And in its native Aries burned
The Sun, with those same stars attendant
It rose with when the world was born,

On that first morning when the Love
Divine first moved those things resplendent,
So that the season and the hour —
And, too, that dappled beast above

Me on the path — seemed cause for hope
but hope, alas, had not the power
To steel me for what happened next:
I saw a lion on the slope!

. . .

(If you want to know what happens next, read Dante.)



Filed under Literature, Poetry, Translation

For Dante, hope is the one thing needful.

On the lowest terrace of Ante-Purgatory — that is, the lowest possible level for a soul whose ultimate destiny is salvation — Dante and Virgil meet Manfred of Sicily. According to the (perhaps unjust) accounts by which the poet Dante knew him, Manfred had been a moral monster, excommunicated by the Church and denied Christian burial. Among other enormities, he had allegedly murdered his own father, brother, and two nephews, and attempted the murder of a third nephew. In other words, he would ordinarily have been condemned to the very lowest Circle of Hell, to the realm of Caïna, as one guilty of treachery against his own kin.

Manfred, however, repented at the moment of death — or perhaps it was not even repentance in the usual sense of confession and contrition. He says simply “I gave myself back” (io mi rendei) to God.

After my body had been shattered by
two fatal blows, in tears, I then consigned
myself to Him who willingly forgives.

My sins were ghastly, but the Infinite
Goodness has arms so wide that It accepts
who ever would return, imploring It.

. . .

Despite the Church’s curse, there is no one
so lost that the eternal love cannot
return — as long as hope shows something green.

— Purgatorio iii. 118-23, 133-35 (Mandelbaum trans.)

The choice of words is highly significant: not “as long as he repents” or “as long as he dies with the name of Jesus on his lips” or anything like that, but “as long as hope shows something green” (mentre che la speranza ha fior del verde)Manfred died in the hope of salvation, and it was that — rather than repentance per se — which saved him.

(Contrast Dante’s Manfred with Byron’s character of the same name. The abbot implores the dying Manfred to “Give thy prayers to heaven —  / Pray — albeit in thought, — but die not thus,” but Manfred, having spurned the fiends, spurns God as well. His last words, as the abbot begs him again to make “but yet one prayer,” are “Old man! ’tis not so difficult to die.”)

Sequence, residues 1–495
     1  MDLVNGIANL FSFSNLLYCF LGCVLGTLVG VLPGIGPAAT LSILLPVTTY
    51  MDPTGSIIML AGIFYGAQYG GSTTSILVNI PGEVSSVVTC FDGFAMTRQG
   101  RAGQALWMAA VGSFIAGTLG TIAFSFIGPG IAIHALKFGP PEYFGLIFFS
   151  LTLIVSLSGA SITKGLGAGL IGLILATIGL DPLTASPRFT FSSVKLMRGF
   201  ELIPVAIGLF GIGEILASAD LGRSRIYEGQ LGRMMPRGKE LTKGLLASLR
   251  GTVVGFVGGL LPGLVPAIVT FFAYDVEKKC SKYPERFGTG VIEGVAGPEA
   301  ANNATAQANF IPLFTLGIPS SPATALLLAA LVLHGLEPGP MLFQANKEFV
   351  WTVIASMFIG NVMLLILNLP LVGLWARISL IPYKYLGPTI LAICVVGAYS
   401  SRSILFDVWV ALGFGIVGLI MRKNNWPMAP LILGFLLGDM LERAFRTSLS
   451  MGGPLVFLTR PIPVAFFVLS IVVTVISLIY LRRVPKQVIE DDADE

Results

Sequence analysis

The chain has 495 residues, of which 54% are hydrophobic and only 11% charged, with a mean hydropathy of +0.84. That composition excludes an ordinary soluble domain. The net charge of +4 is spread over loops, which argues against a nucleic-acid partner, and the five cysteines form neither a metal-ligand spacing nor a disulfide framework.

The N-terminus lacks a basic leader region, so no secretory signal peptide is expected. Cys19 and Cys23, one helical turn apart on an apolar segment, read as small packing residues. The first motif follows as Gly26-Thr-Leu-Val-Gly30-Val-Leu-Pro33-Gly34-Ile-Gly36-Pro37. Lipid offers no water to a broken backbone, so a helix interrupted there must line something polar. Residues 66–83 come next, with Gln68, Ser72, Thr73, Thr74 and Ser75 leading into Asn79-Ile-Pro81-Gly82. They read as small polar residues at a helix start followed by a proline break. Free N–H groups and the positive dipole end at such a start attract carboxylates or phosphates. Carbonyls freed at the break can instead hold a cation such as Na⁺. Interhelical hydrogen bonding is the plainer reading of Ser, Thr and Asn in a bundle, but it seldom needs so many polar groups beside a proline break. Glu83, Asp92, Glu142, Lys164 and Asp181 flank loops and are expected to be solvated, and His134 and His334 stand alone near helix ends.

Manfred, the lowest of the saved, makes an interesting contrast with Virgil and the other virtuous pagans, the highest of the damned. The latter are “punished just with this: we have no hope and yet we live in longing” — and, as discussed in my previous post, one possible interpretation is that the “sin” for which the virtuous pagans are punished is also a lack of hope. Lacking the Christian revelation, they hoped for nothing higher than the Elysian Fields, and so that is all they receive. “I am Virgil,” the poet says later, in purgatory, “and I am deprived of Heaven for no fault other than my lack of faith.” Dante certainly seems to be portraying hope as the one deciding factor in the soul’s destiny. With it, even Manfred is salvable; without it, even Virgil is damned. That hope is the key distinction between purgatory and hell — between the suffering which saves and the suffering which does not — is reinforced by the inscription over the gates of hell, ending in the famous line “All hope abandon, ye who enter here.”

Having noticed this, I now find an emphasis on hope jumping out at me from many different parts of the Comedy. It is mentioned again and again in the first canto of the Inferno, when Dante confronts the three beasts. The leopard “gave me good cause for hopefulness,” but “hope was hardly able to prevent the fear I felt when I beheld a lion.” Then, when the she-wolf appears, “I abandoned hope of ever climbing up that mountain slope.” And of course every cantica ends in the word “stars” — a traditional symbol of hope.


I am not yet ready to comment on Dante’s ideas regarding hope — I want to go through the whole Comedy again and spend some time digesting it — but I just wanted to point out an aspect of Dante that I had never noticed before.


Filed under Christianity, Ethics, Literature